Children and schools

Annual Progress Report for 'Empowering self-help sanitation of rural and peri-urban communities and schools in Africa'

sanitation sensitisation in a school in Niger
This annual narrative report describes progress against the overall programme objectives and at country level, outlining challenges and lessons learned as part of Plan's eight country Pan African programme.
Date: 30 August 2013

Sanitation and stunting in India: Undernutrition's blind spot

Global proportions of ODF, poverty and undernutrition diagram
The puzzle of persistent undernutrition in India is largely explained by open defecation, population density, and lack of sanitation and hygiene. The impact on nutrition of many faecally-transmitted infections, not just the diarrhoeas, has been a blind spot. In hygienic conditions much of the undernutrition in India would disappear. To tackle undernutrition effectively requires the elimination of open defecation and a radical transformation of sanitation and hygiene policies and practices.
Date: 15 July 2013

Childhood Pneumonia and Diarrhoea (Lancet Series)

The Lancet Series on Childhood Pneumonia and Diarrhoea, led by Aga Khan University, Pakistan, provides evidence for integrated control efforts for childhood pneumonia and diarrhoea. The first paper assesses the global burden of these two illnesses, comparing and contrasting them, and includes new estimates of severe disease and updated mortality estimates for 2011. Findings from the second paper show that a set of highly cost-effective interventions can prevent most diarrhoea deaths and nearly two thirds of pneumonia deaths by 2025, if delivered at scale.

Date: 27 April 2013

The long and short of open defecation

There is statistical data to show that the height of Indian children is correlated to their and their neighbourhood’s access to toilets.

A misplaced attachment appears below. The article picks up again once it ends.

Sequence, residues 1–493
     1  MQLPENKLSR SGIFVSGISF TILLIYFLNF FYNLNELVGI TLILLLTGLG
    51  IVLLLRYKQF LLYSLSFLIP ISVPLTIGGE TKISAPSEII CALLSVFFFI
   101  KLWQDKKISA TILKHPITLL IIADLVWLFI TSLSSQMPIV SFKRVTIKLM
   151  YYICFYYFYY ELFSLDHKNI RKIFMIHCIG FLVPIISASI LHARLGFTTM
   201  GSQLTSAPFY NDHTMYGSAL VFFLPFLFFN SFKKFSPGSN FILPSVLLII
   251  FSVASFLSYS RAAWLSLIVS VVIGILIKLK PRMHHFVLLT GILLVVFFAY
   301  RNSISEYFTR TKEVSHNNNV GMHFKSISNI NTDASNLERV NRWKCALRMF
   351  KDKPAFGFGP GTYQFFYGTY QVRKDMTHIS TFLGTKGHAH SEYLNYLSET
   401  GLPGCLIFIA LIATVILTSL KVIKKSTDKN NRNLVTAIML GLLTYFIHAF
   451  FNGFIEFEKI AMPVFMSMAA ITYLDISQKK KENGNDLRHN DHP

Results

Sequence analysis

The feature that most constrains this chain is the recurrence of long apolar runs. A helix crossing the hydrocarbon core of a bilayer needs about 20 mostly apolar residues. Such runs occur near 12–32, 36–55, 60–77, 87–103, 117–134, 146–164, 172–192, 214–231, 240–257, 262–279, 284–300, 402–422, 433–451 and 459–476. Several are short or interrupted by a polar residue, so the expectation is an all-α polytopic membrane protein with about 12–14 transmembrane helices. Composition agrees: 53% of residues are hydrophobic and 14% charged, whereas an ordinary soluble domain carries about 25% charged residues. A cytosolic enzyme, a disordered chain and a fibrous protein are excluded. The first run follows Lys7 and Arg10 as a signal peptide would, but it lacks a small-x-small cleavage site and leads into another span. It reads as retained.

You can learn a lot from measuring children’s height. How tall a child has grown by the time she is a few years old is one of the most important indicators of her well-being. This is not because height is important in itself, but because height reflects a child’s early-life health, absorbed nutrition and experience of disease.

Girls leading SLTS approach at Gongatarey School

sensitisation on handwashing in Gongatarey school

Before the advent of the CLTS in Plan Niger’s intervention area, students were using the area right behind the classrooms or the bush rather than in the latrines to defecate. To alleviate this situation, Plan Niger has extended CLTS activities to the schools. Gongatarey school has been using School-Led Total Sanitation (SLTS) since 2011 to improve the school environment. This includes promoting the use and maintenance of the school latrines, as well as student-led sessions on health and hygiene.

Date: 5 March 2013

Sanitation and stunting: How much international variation in child height can open defecation explain?

young child, Malawi

A child’s height is one of the most important indicators of her well-being. Height reflects the accumulated total of early-life health and diseases. Because problems that prevent children from growing tall also prevent them from growing into healthy, productive, smart adults, height predicts adult economic outcomes.

Date: 10 January 2013


Subscribe to RSS - Children and schools